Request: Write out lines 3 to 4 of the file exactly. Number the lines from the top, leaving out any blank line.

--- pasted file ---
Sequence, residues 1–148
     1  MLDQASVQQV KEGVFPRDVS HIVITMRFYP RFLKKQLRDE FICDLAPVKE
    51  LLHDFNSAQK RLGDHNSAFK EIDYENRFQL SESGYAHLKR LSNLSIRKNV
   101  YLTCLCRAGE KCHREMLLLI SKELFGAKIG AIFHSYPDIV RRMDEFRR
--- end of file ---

    51  LLHDFNSAQK RLGDHNSAFK EIDYENRFQL SESGYAHLKR LSNLSIRKNV
   101  YLTCLCRAGE KCHREMLLLI SKELFGAKIG AIFHSYPDIV RRMDEFRR